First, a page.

Qualified solicitor Lauren Riley was so convinced that her app could revolutionise the legal sector she went toe-to-toe with Sir Alan Sugar in search of funding.

Now aged 29, she appeared in the tenth series of The Apprentice but missed out on a potential investment of £250k for her The Link App idea after being told “you’re fired” in week seven.

Undeterred by the experience, the entrepreneur funded the idea herself before completing two investment rounds from prominent angels and institutional investors. She has no regrets about appearing on the hit TV show.

“Despite the way it’s edited, it was good fun to film and a great process to be a part of,” she tells BusinessCloud.

“Both The Link App and myself have benefited from the general public getting behind us. My social media has been very valuable when setting up a business.

“My LinkedIn and Twitter pages between them have just under 20,000 followers. Things like that are valuable in business and I’ve managed to get a lot of press on the back of that exposure on the show.”

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She continued: “For me, going on The Apprentice just made sense; I needed advice on how my idea should be brought to market. One of the biggest values of The Apprentice is the PR that surrounds it; I knew the benefits from the exposure were fantastic, so it seemed like a good idea.”

In terms of funding the app, she says: “It was a scary decision but I decided to completely self-fund my business idea and put my own money behind it. Now I’m a self-made entrepreneur!”

The app can be downloaded for free on Apple and Android devices and works by sending push notifications to clients at key points during a case. Riley believes The Link App has the potential to be used by every lawyer and solicitor across the country in 2017.

“The Link App is a communications tool revolutionising how law firms communicate with their own clients,” she explains. “The app is technology in two parts - there’s the desktop application and the mobile application - so the lawyers are using their desktops to push information through to their clients’ mobile phones.

“Client expectations are increasing and this change means law firms have to adapt. The Link App serves to increase productivity across the working day by keeping clients in the loop without the need for back and forth communication, which ultimately frees up valuable time.”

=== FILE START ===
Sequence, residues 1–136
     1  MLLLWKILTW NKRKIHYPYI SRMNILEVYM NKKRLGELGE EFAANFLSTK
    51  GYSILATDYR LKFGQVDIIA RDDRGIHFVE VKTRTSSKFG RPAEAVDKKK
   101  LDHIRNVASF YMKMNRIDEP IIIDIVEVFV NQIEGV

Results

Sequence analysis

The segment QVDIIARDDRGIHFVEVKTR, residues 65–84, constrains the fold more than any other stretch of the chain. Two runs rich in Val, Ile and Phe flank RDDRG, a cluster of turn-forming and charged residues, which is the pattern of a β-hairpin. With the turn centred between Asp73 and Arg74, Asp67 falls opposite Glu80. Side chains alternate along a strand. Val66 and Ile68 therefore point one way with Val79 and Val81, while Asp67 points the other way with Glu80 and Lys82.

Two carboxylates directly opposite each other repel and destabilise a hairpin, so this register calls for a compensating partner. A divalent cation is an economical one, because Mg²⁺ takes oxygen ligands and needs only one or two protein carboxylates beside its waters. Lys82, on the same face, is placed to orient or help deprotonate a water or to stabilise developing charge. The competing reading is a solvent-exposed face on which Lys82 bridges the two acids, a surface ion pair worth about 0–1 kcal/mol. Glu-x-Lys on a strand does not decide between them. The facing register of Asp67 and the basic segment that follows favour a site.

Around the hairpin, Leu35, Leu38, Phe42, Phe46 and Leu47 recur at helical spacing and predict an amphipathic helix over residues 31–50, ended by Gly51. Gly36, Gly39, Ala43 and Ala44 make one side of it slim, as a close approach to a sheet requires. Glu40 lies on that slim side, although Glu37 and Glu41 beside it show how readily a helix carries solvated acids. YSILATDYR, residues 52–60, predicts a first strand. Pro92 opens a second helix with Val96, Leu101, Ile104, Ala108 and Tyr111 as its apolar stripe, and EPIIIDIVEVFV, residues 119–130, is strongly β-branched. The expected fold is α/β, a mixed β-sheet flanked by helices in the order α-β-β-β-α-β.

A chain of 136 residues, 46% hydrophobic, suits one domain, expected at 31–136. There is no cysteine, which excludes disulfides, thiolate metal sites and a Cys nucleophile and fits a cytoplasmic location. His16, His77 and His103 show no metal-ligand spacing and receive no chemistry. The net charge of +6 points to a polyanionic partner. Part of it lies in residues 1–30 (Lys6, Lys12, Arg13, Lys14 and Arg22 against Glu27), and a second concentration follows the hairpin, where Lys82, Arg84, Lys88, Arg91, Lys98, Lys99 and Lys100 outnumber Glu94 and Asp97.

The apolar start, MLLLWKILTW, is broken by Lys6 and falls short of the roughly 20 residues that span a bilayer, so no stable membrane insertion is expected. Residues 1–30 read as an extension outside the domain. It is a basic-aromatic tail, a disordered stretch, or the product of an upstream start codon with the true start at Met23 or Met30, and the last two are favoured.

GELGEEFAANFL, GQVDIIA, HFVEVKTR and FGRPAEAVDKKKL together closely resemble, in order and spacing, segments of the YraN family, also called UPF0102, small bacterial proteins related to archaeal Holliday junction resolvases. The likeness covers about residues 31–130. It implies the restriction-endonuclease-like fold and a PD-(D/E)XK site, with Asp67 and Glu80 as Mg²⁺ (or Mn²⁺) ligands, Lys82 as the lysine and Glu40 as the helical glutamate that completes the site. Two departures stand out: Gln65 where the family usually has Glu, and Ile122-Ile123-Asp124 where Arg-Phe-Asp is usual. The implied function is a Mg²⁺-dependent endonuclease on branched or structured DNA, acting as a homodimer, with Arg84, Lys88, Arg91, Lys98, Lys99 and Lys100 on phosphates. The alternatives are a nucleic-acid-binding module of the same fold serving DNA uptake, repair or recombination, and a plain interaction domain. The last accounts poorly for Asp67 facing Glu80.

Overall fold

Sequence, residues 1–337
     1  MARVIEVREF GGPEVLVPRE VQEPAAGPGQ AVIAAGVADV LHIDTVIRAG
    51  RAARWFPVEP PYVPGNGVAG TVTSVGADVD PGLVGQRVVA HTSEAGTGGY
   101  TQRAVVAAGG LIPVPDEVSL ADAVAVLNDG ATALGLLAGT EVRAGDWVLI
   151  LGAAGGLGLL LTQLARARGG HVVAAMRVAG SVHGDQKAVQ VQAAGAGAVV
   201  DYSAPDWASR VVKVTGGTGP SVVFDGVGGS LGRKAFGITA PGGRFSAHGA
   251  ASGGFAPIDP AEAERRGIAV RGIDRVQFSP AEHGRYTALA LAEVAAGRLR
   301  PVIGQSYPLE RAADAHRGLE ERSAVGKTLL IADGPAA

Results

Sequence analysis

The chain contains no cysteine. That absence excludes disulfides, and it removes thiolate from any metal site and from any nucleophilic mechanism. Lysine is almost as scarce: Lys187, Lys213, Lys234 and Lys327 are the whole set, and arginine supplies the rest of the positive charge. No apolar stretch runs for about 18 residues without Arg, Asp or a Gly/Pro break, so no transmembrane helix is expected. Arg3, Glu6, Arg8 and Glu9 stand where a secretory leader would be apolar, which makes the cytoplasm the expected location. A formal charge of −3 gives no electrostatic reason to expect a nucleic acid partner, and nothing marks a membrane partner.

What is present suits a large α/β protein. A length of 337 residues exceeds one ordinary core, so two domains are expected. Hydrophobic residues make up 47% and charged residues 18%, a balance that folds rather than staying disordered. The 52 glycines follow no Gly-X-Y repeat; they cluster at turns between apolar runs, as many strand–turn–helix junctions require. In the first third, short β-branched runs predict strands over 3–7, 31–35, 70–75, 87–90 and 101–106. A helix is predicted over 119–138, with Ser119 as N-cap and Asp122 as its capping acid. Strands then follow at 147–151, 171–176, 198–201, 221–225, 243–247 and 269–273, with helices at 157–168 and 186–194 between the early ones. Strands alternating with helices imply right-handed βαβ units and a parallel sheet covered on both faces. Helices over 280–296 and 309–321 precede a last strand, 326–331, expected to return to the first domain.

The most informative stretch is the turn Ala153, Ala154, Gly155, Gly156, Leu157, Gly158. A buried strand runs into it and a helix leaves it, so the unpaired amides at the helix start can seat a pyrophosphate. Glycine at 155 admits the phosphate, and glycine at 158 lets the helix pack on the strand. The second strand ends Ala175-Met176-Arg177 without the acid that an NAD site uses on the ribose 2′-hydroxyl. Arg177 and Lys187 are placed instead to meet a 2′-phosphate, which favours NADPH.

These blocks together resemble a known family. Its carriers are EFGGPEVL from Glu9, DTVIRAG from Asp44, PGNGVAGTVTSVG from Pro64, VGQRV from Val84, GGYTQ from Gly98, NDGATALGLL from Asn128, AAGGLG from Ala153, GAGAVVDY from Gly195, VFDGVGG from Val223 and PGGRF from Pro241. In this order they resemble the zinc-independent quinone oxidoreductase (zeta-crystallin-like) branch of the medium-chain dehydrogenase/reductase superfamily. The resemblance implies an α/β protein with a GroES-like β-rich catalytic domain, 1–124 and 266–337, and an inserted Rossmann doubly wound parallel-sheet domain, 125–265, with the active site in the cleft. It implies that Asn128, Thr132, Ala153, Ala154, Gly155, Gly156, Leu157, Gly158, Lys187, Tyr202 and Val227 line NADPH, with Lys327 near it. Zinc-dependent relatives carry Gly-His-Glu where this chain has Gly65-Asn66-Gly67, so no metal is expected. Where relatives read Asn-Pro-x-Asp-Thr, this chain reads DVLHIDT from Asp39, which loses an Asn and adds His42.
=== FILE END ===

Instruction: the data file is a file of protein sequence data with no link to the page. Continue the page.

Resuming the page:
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So how does it work financially?

“It’s free for the clients to use and we charge on a per-user basis for the law firms,” Riley explains. “Law is an industry with very traditional methods and after seeing the frustrations first-hand I knew there was a much better, more efficient way for law firms to practise communication with their clients.

“Client satisfaction is a huge problem because, quite rightly, if clients are not kept in the loop then they’re not happy. Lawyers have to have a stronger emphasis on communication and better tools with which to communicate and that’s where technology and The Link App comes in.”

The legal sector is perceived as being slow to embrace tech but Riley says that is changing.

“The industry has been painted out to be very resistant to technological change,” she says. “That’s probably fair to say historically, however now there is big movement in that space. The Link App was specifically created for lawyers by lawyers. It fits into their needs and levels of technology and understanding.”

Link app

Growing up on the Fylde Coast, Riley is a Northerner born and bred and has recently released The Link App in Manchester.

“From a young age I knew I wanted to be a lawyer and what I needed to do to get there. I followed a straight academic route - GCSEs, A-Levels, university and law school - to get the job I wanted.

“Having my own business was never on the cards - I wouldn’t have known what an entrepreneur was as a child so it was never something I aspired to be at a young age.”

A female tech entrepreneur with little experience in tech herself, Riley naturally encountered problems when setting up the app. She highlights just how crucial it is to bridge the skills shortage gap.

“It was always going to be difficult setting up a technology business, being a non-technology founder myself. From a technical perspective there are gaps in my knowledge and I’ve only been able to fill those gaps by putting the right team behind me.

“Hiring really high quality technical people has been a challenge because they are so sought after. Building a great team around me was the most challenging part of the process.”

As well as her entrepreneurial pursuit, Riley is also a public speaker. “It’s not an easy journey, but I can’t think of anything more rewarding than to set up a business of your own,” she says.

“To follow your passion and your dream and to watch it flourish is not without hard work, effort or ups and downs. But it’s a fantastic opportunity and an experience that you can’t replicate.

“I would advise budding entrepreneurs to know their strengths, play to those and co-found with someone who has complementary skills.”

BELOW: Flick through the Q2 2017 edition of BusinessCloud's interactive digital magazine

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